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A View of Software Development Environments Based on Activity Theory

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We view software development as a collaborative activity that is typically supported by a software development environment. Since these environments can significantly influence the collaborative nature of a software development project, it is important to analyze and evaluate their capabilities with respect to collaboration. In this paper, we present an analysis and evaluation of the collaborative capabilities of software development environments using an activity theory perspective. The discipline of software engineering (SE) emerged to study and develop artifacts to mediate the collective development of large software systems. While many advances have been made in the past three decades of SE's existence, the historical origins of the discipline are present in that techniques and tools to support the collaborative aspects of large-scale software development are still lacking. One factor is a common ``production-oriented'' philosophy that emphasizes the mechanistic and individualistic aspects of software development over the collaborative aspects thereby ignoring the rich set of human-human interactions that are possible over the course of a software development project. We believe that the issues and ideas surrounding activity theory may be useful in improving support for collaboration in software engineering techniques and tools. As such, we make use of the activity theory to analyze and evaluate process-centered software development environments (PCSDEs).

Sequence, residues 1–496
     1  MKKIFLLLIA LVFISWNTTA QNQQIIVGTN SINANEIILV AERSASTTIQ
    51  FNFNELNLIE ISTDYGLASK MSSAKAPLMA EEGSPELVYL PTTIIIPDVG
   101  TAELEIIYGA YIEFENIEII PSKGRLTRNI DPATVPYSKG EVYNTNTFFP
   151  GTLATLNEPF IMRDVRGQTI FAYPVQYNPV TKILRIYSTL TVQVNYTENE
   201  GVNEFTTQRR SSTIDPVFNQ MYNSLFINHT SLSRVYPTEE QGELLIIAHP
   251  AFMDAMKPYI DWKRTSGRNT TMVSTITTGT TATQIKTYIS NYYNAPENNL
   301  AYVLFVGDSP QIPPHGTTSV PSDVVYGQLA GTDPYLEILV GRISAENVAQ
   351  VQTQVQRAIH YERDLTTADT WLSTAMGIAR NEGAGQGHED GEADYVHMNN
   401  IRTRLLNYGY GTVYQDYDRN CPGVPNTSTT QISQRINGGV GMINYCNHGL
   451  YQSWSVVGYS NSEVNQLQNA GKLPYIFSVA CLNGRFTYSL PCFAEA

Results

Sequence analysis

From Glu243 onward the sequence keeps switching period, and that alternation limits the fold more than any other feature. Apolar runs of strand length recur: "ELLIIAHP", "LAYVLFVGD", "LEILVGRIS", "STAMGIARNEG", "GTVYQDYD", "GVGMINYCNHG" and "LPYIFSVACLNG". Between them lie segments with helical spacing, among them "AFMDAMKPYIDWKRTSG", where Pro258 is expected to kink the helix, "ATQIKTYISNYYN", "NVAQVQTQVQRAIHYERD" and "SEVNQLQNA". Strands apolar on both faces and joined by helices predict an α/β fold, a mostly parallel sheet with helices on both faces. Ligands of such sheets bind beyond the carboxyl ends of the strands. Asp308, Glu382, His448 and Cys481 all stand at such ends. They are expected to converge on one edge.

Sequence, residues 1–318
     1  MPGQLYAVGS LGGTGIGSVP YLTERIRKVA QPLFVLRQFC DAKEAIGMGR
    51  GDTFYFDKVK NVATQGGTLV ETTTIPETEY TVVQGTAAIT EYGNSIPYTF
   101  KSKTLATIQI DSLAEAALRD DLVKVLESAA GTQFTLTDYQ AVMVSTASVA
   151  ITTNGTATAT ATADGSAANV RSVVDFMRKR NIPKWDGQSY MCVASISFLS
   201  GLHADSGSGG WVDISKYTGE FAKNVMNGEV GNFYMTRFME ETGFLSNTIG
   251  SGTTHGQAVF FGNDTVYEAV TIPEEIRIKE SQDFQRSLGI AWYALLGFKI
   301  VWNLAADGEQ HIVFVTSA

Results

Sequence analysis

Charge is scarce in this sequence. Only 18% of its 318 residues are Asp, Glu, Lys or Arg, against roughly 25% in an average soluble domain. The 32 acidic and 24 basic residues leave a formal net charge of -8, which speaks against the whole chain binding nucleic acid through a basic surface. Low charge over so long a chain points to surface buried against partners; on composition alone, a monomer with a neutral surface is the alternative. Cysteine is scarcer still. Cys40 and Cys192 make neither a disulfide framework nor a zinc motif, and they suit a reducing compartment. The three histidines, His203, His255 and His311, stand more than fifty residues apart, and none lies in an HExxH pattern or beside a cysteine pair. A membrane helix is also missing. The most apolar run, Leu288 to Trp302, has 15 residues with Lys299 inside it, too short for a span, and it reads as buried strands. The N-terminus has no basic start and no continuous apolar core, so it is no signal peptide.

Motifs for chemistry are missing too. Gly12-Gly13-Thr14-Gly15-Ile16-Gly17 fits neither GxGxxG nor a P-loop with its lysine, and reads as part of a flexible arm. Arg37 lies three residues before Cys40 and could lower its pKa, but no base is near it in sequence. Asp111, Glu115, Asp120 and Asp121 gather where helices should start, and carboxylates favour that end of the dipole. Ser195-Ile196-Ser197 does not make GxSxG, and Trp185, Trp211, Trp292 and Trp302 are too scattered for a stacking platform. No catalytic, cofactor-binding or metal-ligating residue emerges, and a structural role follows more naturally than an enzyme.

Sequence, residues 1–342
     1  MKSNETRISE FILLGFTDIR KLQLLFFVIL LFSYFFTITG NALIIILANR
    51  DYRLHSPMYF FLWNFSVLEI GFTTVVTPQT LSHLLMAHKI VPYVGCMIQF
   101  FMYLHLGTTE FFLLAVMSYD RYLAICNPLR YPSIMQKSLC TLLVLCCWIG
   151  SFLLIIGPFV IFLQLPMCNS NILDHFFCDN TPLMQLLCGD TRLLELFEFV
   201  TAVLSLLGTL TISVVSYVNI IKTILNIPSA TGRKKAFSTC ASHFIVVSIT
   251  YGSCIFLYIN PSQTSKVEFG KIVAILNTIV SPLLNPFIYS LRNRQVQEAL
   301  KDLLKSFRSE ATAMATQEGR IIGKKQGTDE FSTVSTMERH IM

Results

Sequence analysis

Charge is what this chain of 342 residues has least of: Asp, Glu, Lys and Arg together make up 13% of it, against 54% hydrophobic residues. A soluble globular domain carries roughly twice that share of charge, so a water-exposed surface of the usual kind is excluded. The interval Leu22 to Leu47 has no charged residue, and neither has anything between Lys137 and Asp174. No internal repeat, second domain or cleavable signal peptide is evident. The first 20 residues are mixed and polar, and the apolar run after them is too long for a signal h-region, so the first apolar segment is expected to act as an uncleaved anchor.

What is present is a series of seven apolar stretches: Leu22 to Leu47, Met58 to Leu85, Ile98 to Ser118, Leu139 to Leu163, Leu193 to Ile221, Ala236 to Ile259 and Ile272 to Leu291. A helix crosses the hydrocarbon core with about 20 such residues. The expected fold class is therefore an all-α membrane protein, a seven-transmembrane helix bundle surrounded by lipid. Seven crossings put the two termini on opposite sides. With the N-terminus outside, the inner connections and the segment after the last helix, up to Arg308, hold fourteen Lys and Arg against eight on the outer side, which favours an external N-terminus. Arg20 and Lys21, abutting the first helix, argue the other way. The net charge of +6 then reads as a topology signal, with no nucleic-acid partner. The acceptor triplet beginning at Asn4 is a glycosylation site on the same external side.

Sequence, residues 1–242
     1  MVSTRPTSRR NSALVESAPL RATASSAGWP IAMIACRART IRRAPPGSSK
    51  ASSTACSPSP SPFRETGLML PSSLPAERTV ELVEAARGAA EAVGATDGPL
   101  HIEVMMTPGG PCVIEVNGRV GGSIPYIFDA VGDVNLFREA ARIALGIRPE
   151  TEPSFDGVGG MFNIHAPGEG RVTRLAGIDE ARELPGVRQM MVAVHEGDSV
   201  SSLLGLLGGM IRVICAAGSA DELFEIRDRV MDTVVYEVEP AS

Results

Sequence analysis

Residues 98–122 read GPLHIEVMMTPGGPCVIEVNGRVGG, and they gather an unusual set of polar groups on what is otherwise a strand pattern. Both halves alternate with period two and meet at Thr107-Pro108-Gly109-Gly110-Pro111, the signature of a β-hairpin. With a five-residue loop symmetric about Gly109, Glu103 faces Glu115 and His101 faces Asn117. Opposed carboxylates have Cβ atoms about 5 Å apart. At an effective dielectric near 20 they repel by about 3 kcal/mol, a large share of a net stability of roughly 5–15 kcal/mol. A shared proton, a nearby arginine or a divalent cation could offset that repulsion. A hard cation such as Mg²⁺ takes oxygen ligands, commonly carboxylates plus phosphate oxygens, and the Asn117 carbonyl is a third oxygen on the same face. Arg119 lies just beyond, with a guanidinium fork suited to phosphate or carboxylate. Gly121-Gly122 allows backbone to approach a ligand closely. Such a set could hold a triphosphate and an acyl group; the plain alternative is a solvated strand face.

Barthelmess, P.; Anderson, K.M. (2002): A View of Software Development Environments Based on Activity Theory. Computer Supported Cooperative Work (CSCW): Vol. 11. DOI: 10.1023/A:1015299228170. Springer. PISSN: 1573-7551. pp. 13-37